After months of silence and some information, Sony finally unveiled the specs and the hardware details for its PlayStation 5, which is set for release this holiday season.
PS5 will have a 3,5GHz (variable frequency) customized eight-core AMD Zen 2 CPU and a custom GPU based on the AMD RDNA2 architecture hardware which promises 10,28 teraflops and 36 computing units, which are both clocked at 2,23GHz (variable frequency). The PS5 will also be equipped with GDDR6 RAM 16 GB and a custom 825 GB SSD which Sony promised to be super-fast in loading.
The PS5 also revealed one of the biggest updates to its console last year: upgrading to Sata storage for the internal hard drive of the console, which Sony claims would result in significantly quicker load times. In less than a second on the PS5, a previous demo revealed Spider-Man’s loading speed, compared to around eight seconds on a PS4.
PlayStation hardware lead, Mark Cerny, talked more about the SSD targets. When it took about 20 seconds for the PS4 to load a single gigabyte of data, the goal of the PS5 SSD was to load five gigabytes of data in a single second.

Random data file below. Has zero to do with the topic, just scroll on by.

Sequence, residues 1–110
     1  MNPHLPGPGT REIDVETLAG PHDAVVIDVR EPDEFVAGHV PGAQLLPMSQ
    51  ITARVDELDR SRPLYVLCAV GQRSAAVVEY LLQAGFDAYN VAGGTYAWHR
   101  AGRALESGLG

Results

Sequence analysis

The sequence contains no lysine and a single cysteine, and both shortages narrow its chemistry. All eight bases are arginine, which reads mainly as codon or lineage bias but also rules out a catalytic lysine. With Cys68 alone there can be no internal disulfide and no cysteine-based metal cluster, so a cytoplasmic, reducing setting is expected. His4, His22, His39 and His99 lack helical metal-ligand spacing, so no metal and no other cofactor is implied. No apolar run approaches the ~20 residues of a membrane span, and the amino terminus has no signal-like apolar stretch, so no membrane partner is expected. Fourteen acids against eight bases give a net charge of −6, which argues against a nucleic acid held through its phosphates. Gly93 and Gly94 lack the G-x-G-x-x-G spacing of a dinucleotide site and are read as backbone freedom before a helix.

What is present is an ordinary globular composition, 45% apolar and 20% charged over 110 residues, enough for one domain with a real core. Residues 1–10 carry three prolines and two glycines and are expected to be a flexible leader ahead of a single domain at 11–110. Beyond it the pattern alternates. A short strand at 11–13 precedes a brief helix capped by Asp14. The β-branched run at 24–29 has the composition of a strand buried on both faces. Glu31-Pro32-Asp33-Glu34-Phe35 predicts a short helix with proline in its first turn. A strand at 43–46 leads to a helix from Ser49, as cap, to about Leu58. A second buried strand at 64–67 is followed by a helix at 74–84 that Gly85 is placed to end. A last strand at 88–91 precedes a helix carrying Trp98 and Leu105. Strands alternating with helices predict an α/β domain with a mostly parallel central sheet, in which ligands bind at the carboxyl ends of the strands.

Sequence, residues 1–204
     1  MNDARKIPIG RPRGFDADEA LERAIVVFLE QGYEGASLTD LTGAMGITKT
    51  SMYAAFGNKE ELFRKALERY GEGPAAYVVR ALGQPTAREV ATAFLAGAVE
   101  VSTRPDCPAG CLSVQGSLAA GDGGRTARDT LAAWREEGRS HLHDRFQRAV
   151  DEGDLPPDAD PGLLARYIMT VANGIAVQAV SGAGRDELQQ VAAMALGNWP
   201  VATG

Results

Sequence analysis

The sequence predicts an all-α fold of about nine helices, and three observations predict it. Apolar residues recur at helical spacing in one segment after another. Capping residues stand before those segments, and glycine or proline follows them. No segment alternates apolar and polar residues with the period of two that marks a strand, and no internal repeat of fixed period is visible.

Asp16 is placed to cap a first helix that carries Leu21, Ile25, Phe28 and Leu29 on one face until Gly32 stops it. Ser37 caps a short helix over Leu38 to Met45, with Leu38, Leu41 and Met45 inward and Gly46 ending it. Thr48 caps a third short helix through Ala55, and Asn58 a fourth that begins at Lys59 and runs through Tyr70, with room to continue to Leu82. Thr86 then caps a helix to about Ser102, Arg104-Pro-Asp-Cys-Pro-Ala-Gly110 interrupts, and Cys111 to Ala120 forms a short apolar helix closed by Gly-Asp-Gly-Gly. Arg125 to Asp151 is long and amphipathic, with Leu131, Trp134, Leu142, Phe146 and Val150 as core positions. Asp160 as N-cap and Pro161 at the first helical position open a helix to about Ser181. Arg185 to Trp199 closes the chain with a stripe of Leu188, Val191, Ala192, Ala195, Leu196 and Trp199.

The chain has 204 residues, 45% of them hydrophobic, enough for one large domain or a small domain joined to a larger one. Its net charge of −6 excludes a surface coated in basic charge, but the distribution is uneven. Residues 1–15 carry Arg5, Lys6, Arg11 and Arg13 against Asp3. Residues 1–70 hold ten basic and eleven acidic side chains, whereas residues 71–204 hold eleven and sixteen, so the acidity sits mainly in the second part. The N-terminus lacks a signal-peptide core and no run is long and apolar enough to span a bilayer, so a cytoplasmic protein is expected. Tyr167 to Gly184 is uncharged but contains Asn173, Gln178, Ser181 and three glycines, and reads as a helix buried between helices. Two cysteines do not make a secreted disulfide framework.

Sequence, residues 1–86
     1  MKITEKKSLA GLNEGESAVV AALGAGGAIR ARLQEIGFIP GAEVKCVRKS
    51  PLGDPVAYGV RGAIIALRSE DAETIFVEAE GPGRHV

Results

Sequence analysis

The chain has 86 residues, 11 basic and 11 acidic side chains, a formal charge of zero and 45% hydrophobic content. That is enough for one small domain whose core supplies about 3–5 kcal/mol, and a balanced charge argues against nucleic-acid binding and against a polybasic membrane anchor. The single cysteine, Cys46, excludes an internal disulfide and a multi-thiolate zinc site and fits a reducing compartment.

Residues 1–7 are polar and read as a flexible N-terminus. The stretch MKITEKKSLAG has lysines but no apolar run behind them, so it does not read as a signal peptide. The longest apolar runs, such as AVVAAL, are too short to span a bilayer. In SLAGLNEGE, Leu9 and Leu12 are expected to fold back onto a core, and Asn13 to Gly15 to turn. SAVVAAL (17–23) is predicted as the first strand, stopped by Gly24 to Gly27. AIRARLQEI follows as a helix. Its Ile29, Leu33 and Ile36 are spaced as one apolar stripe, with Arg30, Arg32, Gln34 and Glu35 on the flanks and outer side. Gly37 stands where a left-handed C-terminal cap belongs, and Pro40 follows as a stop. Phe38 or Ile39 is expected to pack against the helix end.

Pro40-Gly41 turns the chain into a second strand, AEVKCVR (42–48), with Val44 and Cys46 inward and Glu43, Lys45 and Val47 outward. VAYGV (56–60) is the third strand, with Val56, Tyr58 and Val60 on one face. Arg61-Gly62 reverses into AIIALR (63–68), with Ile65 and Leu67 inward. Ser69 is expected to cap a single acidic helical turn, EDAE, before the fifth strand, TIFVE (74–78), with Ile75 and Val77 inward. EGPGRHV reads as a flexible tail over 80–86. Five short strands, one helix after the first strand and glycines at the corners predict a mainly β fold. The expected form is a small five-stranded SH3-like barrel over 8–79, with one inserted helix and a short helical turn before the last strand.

The PS5 will not be limited to that SSD, however. It will also support USB hard drives, but slower expandable storage options are primarily planned for backward compatible PS4 games. It will have a 4 K Blu-ray drive which still support DVDs, although certain games will also need to be downloaded on the internal SSD. The custom SSD inside uses a standard NVMe SSD, which makes potential upgrades but also requires a SSD that follows Sony’s high-specific requirements–at least 5.5GB / s.
Through a stream of smaller updates, Sony has given out a solid amount of information regarding the PlayStation 5 over the last few months. The business is already planning to add support for both 8 K gaming as well as 4 K gaming at 120Hz on the latest hardware. There is also a proposal to add “3D audio” for more immersive sound, an optional energy-saving low power consumption mode, and backward compatibility with PS4 games.